For more information, please contact:
Maritza Ramirez de Agena firstname.lastname@example.org
My blog is: http://maruangarita.blogspot.com/
Venezuela's Political Disaster - November 24, 2006
As I have been repeating for the last several weeks, the possibility of fraud by Chavez in the e-voting process is loud and clear. It is imperative that international organizations, including law enforcement, take preventive measures to assure that Venezuelans have the right to a democratic presidential election.
Attached below please find link to letter from Mario Vargas Llosa to the Organization of American States already denouncing fraud that is taking place in Venezuela:
Next is link to newspaper El Impulso from state of Lara claiming that military staff have been arrested and suffering lack of medical treatment because of greeting the Opposition candidate Manuel Rosales:
En el internado de San Felipe Arrestados militares por saludar a Rosales Los efectivos de la GN que le aceptaron el saludo al candidato opositor Manuel Rosales, cuando a mediados de esta semana visitara al exgobernador Eduardo Lapi, en el internado judicial de San Felipe, habrían sido objeto de severas sanciones. Así se lo confió el propio Lapi, ayer, al periodista Javier Oropeza, director de El Caroreño. Lapi reveló que las autoridades del penal, donde lleva internado cinco meses, insisten en no permitirle un examen médico, pese a que sufre de una úlcera sangrante. Su gastroenterólogo particular recomendó una endoscopia, que las autoridades carcelarias y los tribunales no autorizan.
Please read Sumate's website to keep updated on the current presidential election process in Venezuela. http://web.sumate.org/
I invite you to please read Election Watch report written by Alexandra Beech posted on my blog on this date.
All your cooperation in reporting the terrible political situation in Venezuela will be greatly appreciated.
My blog is: http://maruangarita.blogspot.com/Resources:
Election Watch by Alexandra Beech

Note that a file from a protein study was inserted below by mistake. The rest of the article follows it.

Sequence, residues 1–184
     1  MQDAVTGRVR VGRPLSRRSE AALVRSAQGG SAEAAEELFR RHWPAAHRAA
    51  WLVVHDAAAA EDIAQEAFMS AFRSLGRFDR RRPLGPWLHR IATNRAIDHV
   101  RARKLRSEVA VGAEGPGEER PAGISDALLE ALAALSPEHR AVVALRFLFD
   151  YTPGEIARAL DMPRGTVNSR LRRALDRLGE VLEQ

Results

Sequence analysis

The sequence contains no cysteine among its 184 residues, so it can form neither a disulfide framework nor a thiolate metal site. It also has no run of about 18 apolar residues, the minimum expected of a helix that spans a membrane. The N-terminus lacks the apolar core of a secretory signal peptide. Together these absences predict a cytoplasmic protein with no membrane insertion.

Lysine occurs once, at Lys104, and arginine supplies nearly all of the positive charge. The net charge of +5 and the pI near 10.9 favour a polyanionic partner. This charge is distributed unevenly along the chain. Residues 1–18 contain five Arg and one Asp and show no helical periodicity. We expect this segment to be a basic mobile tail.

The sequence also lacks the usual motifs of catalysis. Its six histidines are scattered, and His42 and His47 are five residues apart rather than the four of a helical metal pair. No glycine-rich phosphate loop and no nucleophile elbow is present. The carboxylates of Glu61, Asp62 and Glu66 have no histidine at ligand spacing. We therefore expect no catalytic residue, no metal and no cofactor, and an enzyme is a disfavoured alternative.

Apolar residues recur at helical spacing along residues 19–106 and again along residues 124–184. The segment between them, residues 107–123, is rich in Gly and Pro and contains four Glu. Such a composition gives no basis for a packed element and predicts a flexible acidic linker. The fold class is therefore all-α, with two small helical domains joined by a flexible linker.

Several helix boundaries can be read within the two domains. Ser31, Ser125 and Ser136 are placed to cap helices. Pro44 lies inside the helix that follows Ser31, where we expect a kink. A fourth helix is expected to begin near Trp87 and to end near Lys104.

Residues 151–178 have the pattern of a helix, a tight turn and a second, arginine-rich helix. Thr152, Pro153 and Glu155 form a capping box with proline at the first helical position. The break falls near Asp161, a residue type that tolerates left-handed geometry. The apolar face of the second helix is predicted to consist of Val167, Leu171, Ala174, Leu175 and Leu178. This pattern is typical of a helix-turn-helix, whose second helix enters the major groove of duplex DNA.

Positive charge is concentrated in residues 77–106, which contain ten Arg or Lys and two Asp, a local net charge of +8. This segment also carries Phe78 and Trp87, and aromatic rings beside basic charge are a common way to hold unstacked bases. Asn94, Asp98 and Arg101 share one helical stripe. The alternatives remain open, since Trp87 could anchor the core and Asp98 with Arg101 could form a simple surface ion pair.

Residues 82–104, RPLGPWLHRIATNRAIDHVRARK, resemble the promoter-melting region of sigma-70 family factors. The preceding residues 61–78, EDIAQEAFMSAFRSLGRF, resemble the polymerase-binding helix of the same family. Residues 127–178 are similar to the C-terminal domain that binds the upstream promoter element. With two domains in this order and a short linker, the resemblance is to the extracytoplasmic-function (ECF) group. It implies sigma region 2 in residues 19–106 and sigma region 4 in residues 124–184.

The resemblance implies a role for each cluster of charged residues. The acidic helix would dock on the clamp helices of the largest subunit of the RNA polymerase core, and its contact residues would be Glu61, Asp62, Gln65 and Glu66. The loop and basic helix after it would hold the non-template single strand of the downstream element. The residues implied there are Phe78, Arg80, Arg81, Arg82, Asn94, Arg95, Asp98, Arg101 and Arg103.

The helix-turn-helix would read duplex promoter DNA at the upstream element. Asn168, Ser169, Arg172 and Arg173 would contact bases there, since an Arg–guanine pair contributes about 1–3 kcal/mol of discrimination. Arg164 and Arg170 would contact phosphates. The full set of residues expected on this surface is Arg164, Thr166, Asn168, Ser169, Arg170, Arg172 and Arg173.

By Alex Beech
One of the alarming realities of the political climate in Venezuela is that violence is not only tolerated, but encouraged. In recent weeks,President Chavez has threatened opposition figures with jail, and themedia with closure. The government's grassroots leader, Lina Ron, has reminded the country that the revolution is "armed." The president ofthe country's oil company, Rafael Ramirez, has threatened stateworkers with a loss of job if their vote doesn't favor Chavez. As always, the government's bark has been so loud that everyone assumes that it lacks a bite. But incidents during the past few days indicate that Chavez's sharp teeth are starting to show.
As elections near, politically related violence is on the rise. On Wednesday, as opposition candidate Manuel Rosales arrived at the San Carlos airport in Cojedes State, hordes of government supporters wearing pro-Chavez red t-shirts attacked Rosales. Surrounded by his security detail, Rosales exited the airport amid screams, as debris was hurled at him from shouting protestors. As the opposition candidate's retinue sped away, pro-government protestors ran towards parked motorcycles and chased it.
The effort looked well-organized, signs that the Chavez campaign team may be panicking about the rise in popularity that Rosales has achieved in the past few weeks. Moments later, as Rosales addressed his supporters in the same city, pro-government supporters cut acable, shutting off his audio. The silence lasted a minute, but reminded everyone that in Venezuela, everything is fair in love, war,and small town campaigns.
The incident was the latest in a series of obstacles the opposition candidate has faced; in Valencia State, airport authorities prevented Rosales's plane from landing at the airport, delaying his planned appearance at a rally by two hours.
Journalists Attacked by Presidential Guard
4:45 pm, est - On Wednesday, a Globovision news team was attacked by the Presidential Guard as it covered a protest outside the presidential palace. A female reporter and a news team had responded to a call by protesters demanding housing. As the reporter began to report the story on-camera, the team was approached by three soldiers who attacked the news team. The reporter's assistant, Edwin Moreno,was beaten. Cameraman Jose Luis Ochoa's back shows marks and bruises.The news team is being treated at Clinica Mendez Gimon.